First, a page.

“No one came to see him or helped in any way,” Dzhepparov’s wife Zarina tells me. “And there he was, sitting in his detention centre clothes, which were all wet and dirty. He had an untreated wound. There were rats as big as cats running around.” After the operation, Dzhepparov was returned to his cell still under anaesthetic.
In spring 2017, a boil appeared on Dzhepparov’s ear, and in April the situation worsened dramatically. He had a fever, constant headaches that lead to blackouts, a swollen face, pus coming out of his ears and a partial loss of hearing.
Djemil Temishev, his lawyer, said that Dzhepparov’s life was genuinely at risk: “This is no longer just a question of harassment of my client, but real torture.” In early May, after a media campaign, detention centre medical staff started treating Dzhepparov with antibiotics and he recovered.
In spring 2018, Uzeir Abdulayev experienced something similar. A defendant in a terrorism case over alleged membership of Hizb ut-Tahrir in Simferopol, Abdulayev was rushed to a city hospital in March. He underwent an operation for a septic wound on his arm, and over the next month one of Abdulayev’s legs became very swollen. At a court hearing at the end of April, Abdulayev swore under oath that he had had a fever for three days but was given no medical aid.
“Nobody wants people to die in detention. But the fact that they only start to react after widespread negative publicity like this is appalling”
“When Uzeir had the operation on his arm, the doctor warned that his illness was very serious. The infection had almost reached the bone, and the doctor insisted on sending him to hospital – but no one paid any attention. Now these symptoms are returning,” Abdulayev’s wife Fera said at the time.
Abdulayev only began to get medical treatment after numerous letters and complaints to the Crimean prison service headquarters, Simferopol Detention Centre, the Prosecutor’s Office and the FSB, as well as pressure from the public, human rights NGOs and international institutions. The results of this medical examination, however, have not yet been revealed to neither Uzeir nor his lawyer and family.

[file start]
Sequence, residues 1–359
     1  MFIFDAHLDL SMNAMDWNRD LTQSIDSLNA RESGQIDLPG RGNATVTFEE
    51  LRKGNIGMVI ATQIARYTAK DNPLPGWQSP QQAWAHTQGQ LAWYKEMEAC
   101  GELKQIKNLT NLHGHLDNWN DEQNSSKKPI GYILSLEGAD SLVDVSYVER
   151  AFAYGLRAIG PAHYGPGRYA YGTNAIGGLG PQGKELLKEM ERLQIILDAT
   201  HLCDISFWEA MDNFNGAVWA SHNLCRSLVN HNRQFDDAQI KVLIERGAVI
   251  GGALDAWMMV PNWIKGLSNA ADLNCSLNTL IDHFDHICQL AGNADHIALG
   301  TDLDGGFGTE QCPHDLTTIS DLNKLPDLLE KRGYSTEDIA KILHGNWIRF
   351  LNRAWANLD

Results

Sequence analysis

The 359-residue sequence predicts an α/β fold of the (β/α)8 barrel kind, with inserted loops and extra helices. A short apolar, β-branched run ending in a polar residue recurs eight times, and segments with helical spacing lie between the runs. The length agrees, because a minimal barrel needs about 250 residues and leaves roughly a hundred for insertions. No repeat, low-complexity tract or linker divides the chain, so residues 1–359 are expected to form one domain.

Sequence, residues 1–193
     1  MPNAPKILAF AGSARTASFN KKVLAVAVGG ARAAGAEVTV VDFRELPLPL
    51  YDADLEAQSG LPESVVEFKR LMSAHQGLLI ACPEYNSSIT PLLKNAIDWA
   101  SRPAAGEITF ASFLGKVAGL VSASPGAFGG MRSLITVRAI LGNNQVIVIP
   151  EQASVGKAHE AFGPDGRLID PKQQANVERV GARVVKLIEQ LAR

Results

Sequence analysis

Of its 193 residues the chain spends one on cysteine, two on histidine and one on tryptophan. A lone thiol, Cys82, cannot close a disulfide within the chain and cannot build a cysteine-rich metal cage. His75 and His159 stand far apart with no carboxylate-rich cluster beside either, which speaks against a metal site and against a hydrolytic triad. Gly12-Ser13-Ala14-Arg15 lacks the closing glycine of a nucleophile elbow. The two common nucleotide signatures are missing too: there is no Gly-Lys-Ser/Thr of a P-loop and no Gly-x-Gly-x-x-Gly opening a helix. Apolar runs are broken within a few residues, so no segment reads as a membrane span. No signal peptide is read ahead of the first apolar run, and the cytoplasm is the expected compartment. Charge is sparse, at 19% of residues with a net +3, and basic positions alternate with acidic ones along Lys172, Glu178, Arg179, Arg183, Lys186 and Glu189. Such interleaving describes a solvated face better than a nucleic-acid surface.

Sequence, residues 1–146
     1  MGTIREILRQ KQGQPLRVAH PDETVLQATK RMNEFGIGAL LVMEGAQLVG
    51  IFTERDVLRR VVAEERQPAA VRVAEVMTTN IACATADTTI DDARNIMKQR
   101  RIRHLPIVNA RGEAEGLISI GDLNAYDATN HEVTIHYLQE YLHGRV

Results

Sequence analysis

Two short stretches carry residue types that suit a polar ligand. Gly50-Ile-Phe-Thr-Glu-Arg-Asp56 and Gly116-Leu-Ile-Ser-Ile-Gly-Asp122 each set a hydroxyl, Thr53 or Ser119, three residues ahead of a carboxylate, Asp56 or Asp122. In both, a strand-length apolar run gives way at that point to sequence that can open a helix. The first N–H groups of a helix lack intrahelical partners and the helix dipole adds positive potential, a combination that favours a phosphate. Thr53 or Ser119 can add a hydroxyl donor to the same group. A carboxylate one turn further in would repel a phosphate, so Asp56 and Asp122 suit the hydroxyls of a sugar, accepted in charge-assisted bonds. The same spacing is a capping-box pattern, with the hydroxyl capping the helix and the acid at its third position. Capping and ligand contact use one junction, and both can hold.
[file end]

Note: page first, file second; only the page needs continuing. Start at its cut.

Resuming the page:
“Nobody wants people to die in detention,” says lawyer Djemil Temishev, “but the fact that they only start to react after widespread negative publicity like this is appalling.”
In some situations, however, not even a massive wave of publicity can save the day. In November 2017, Russian security forces carried out a raid on a cafe in Simferopol. Four activists - Bekir Degermendji, Kazim Ametov, Asan Chapukh and Ruslan Trubach - were there on the request of Vedjiye Kashka, a veteran Crimean Tatar activist, to meet a Turkish citizen who had borrowed seven thousand dollars from her family and was not planning to pay it back. Kashka died in the course of the raid, while the men were arrested on charges of group extortion.
The next day, Vedjiye Kashka was buried in her home village and a Simferopol district court sent the four men to detention. For Bekir Degermendji, two weeks in the detention centre produced a catastrophic deterioration in his health.
Due to his chronic asthma, Degermendji constantly needs to use an inhaler. On 6 December, security guards forced him to climb to the first floor of the Crimean Supreme Court building for an appeal hearing. He felt ill, an ambulance was called and he spent the entire session in a cage, breathing through an oxygen mask and with a doctor at his side. The defence lawyers requested that Degermendji be tried for a lesser offence, but the court didn’t consider chronic illness and a decline in health a weighty enough argument for house arrest. On the night of 14 December, Degermendji was moved from the detention centre to the intensive care unit of the city hospital.